Demands on high-speed wireless systems have grown with the increasing numbers of smartphone users and their devices’ many functions, including wireless Internet access. As the capacities of global wireless-communications standards, such as Third-Generation (3G) cellular and Fourth-Generation (4G) Long-Term-Evolution (LTE) cellular technologies are increased, demands are created for wider available bandwidths and higher modulation rates.
Microwave backhaul systems now call for modulation levels to 1024-state quadrature amplitude modulation (1024QAM) and beyond. Such complex modulation schemes impose increased challenges at the system levels, both for transmitters and receivers. Due to the increased number of symbols, the systems require higher signal-to-noise ratios (SNRs) along with better linearity.
Cellular technologies and applications have grown steadily from the basic analog systems of First-Generation (1G) cellular standards to the high-speed and highly efficient 4G Third-Generation-Partnership-Program (3GPP) and LTE digital cellular standards. Many cellular markets are already eying the use of Fifth-Generation (5G) cellular systems and technologies.
Cellular and base-station systems must meet demands for the rapidly growing number of cell phone users, from making to routing calls; from secure data transfers to high-speed data downloading; and from efficient use of available frequency spectrum to handling multiple users at a time. These advancements and requirements have increased the capacity demand for base-station network equipment.
Numerous techniques have been introduced to effectively and efficiently use the available spectrum. More and more users are demanding access to high-speed data, so wireless operators require increased-capacity networks with higher-modulation-rate support capability. Base-station networks supporting microwave backhaul applications and operating at frequencies in the range of 6 to 42 GHz send data from numerous users to the central backbone network.
This data is an order of magnitude more than from one user or from one sector of users, requiring support capability at higher modulation levels. Low-noise and high-performance wireless infrastructure signal-chain solutions are available which are suitable for such emerging high-modulation requirements.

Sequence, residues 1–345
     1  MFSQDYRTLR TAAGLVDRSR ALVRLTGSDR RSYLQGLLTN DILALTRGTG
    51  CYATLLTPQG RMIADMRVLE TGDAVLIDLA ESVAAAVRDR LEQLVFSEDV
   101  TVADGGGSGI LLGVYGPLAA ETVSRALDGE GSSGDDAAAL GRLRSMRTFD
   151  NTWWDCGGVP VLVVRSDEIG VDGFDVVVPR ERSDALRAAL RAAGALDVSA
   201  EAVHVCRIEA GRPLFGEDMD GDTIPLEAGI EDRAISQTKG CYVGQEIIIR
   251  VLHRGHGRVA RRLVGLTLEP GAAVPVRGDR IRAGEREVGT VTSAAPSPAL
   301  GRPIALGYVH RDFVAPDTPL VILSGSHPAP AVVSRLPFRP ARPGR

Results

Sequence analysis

1. This block diagram shows a basic cellular network along with the central backbone network.
Figure 1 shows a simplified view of a cellular network, along with the central backbone network. Generally, it consists of a base transceiver station (BTS), base station controller (BSC), mobile switching center (MSC), and landline linked public switched telephone network (PSTN). User equipment (UE) or cellular telephones communicate directly with the BTS. The BTS is linked to a BSC, either via cable or wirelessly by means of microwave links.
The BTS and BSC are usually collocated, though occasionally a small number of BTS units are controlled by one BSC. The MSC is linked to the BSC. The MSC connects cells to a wide area network (WAN), manages call setup, implements call hand-over, and performs many more network operations. MSCs are also linked to the PSTN for landline calls and Internet access.
All BTS units are generally connected to a backbone network through MSCs. Backhaul functionality, which comprises this central backbone network, uses either wired communications, fiber-optic communications links, or microwave links. Fiber-optic links provide tremendous capacity, but require physical installation and can take more time to deploy than other wireless communications links. Also making them less desirable is the fact they are expensive, since land is required for hosting the link hardware, which must be rented or purchased. In addition, fiber-optic links necessitate digging the land to lay the fiber-optic line.
Microwave links, which are more easily and quickly deployed, are traditionally preferred for a cellular network. These links require line-of-sight communications transmission and are susceptible to the effects of atmospheric conditions, such as rainfall attenuation and fog.
Microwave backhaul links commonly use quadrature amplitude modulation (QAM) digital modulation.1 QAM is a highly developed digital modulation scheme where both the amplitude and phase of a high-frequency signal are modulated. The 2N QAM level represents n bits/symbol. For example, 6 b/symbol represents 64QAM, and 12 b/symbol represents 4096QAM. Thus, in 64QAM, each symbol represents 6 b of information, whereas in 4096QAM, one symbol represents 12 b of information (see table).
Quite simply, higher QAM levels deliver higher capacity. The increase in capacity from a lower bit (nl) per symbol QAM level to a higher bit (nh) per symbol QAM level is given by Eq. 1. For example, an increase of 100% in system capacity occurs for a switch from 6-b 64QAM to 12-b 4096QAM1:
Increase in capacity (%) = [(nh – nl)/nl] × 100 (1)
A Closer Look